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Human Workers Can Listen to Google Assistant Records

SAN FRANCISCO (AP) – Google's contractors regularly listen to and review some recordings of what people are saying about the Google Assistant Artificial Intelligence System, via their phone or smart speakers such as Google Home.

The company has acknowledged that humans can access these recordings after the leak of some audio extracts in Dutch. Google Product Manager David Monsees acknowledged the leak in a blog on Thursday and said the company was investigating the violation.

"We are in the process of conducting a comprehensive review of our safeguards in this space to prevent such reprehensible behavior from happening again," he wrote.

The Belgian broadcaster VRT NWS obtained more than 1,000 recordings and noted in a story that some contained sensitive personal conversations – as well as information to identify who was speaking. Google says that no user account information is associated with records, and reviewers are advised not to transcribe conversations in the background.

But VRT journalists could hear spoken addresses at home in some recordings and were able to locate the speakers. Some of these conversations were not directed at the assistant and occurred either as a background noise or as an erroneous recording while the assistant thought he was being talked about, but was not.

Google did not immediately respond to a request for additional comment.

Google indicates that subcontractors listen to recordings to better understand language patterns and accents. Its terms of use confirm that the recordings can be used by the company, stating that Assistant "records your voice and audio data on Google services to improve speech recognition."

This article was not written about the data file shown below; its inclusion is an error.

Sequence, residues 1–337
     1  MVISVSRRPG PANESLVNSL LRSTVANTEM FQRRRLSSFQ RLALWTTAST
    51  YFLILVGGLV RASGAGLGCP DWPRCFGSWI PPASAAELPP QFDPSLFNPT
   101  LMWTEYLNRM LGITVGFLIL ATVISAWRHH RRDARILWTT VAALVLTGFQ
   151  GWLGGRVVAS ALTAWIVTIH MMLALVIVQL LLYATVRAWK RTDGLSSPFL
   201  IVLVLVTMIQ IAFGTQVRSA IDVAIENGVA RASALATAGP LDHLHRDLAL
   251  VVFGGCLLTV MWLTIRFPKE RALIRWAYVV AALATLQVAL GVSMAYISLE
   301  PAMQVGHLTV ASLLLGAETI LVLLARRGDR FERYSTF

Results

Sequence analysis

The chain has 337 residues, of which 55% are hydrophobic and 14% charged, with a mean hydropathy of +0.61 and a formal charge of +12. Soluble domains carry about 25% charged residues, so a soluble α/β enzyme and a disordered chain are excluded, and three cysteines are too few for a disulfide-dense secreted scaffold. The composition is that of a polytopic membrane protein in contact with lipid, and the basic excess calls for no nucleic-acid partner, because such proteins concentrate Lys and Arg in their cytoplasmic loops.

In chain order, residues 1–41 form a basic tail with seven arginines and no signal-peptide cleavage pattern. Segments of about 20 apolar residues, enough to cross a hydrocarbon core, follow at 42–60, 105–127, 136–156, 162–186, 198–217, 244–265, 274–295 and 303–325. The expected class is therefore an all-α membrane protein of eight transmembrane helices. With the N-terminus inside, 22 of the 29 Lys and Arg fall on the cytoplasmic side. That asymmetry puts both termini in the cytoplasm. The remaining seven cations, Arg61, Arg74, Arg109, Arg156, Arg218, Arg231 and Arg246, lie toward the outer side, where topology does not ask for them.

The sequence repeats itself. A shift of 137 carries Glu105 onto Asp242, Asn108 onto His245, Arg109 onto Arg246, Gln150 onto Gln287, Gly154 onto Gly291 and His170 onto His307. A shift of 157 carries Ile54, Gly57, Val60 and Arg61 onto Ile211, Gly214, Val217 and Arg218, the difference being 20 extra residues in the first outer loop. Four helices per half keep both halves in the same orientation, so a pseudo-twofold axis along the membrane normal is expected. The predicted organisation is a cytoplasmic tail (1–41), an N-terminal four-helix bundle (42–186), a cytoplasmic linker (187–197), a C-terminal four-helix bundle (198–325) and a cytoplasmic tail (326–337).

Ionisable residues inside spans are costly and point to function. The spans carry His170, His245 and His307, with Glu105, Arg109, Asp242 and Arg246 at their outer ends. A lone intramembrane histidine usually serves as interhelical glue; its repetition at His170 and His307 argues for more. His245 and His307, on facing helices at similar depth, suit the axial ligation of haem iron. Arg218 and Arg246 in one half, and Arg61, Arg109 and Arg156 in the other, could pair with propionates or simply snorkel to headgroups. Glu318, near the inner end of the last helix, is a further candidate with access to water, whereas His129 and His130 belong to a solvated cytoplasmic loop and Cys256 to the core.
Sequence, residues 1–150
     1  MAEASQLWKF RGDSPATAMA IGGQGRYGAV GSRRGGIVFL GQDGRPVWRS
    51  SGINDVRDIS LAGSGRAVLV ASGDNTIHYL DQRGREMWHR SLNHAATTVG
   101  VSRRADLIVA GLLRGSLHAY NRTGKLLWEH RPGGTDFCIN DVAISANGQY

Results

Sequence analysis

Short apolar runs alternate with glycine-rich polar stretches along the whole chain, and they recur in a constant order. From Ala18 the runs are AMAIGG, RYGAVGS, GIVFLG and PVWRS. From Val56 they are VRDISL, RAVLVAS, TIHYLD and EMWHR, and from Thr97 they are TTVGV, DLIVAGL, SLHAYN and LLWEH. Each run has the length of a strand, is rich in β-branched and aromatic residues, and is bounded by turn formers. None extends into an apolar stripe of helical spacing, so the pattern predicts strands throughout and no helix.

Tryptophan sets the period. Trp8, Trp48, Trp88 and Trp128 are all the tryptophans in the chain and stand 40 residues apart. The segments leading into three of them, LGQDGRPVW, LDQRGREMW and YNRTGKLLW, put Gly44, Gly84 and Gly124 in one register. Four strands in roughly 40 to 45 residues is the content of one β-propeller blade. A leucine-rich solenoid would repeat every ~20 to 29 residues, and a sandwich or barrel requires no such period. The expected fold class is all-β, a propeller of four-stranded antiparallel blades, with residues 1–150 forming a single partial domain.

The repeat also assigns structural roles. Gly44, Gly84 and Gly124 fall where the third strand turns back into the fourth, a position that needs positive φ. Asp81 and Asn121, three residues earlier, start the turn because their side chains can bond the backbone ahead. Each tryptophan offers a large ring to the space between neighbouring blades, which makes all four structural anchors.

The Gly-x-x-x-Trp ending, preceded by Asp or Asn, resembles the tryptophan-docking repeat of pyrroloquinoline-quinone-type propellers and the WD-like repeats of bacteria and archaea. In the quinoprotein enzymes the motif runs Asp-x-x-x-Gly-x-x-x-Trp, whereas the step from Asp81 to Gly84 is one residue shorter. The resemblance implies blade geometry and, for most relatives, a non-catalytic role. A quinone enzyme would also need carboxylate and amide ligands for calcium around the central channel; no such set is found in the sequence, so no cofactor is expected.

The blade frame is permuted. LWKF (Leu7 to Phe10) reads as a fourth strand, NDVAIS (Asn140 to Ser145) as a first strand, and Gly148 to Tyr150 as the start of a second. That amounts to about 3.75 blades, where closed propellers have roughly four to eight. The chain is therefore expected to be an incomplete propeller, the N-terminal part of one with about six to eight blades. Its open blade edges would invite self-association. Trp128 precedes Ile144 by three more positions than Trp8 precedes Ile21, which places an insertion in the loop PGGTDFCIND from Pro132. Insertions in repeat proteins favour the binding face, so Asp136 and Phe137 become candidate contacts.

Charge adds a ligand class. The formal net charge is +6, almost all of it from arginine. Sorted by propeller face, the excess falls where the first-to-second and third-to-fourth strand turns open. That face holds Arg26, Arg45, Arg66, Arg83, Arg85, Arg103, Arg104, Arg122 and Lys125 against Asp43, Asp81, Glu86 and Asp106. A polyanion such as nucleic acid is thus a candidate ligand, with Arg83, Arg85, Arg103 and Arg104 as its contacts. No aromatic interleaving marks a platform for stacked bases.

Monsees wrote that Google collaborates with subcontractors around the world to analyze records.

"These language experts are studying and transcribing a small set of questions to help us better understand these languages," he wrote.

Google's terms do not explicitly state that people review the records, but specify that the data can be analyzed when the company updates the services or creates new features.

The company acknowledged earlier this year that its critics were listening to anonymous recordings in response to a Bloomberg report revealing that Amazon's Amazon also used subcontractors to listen to the recordings. Amazon has confirmed the report.

Google's registration feature may be disabled, but this means that the wizard loses part of its custom key. People who disable the recording function lose the ability for the assistant to recognize individual voices and learn your voice pattern.

The wizard registration is disabled by default, but the technology prompts users to enable registration and other tools to get custom features.

Google Assistant is available on more than one billion devices, including smartphones and smart speakers. The smart speaker market, which is still the main place where people use voice technology, has yet to get noticed, but it still remains behind Amazon.

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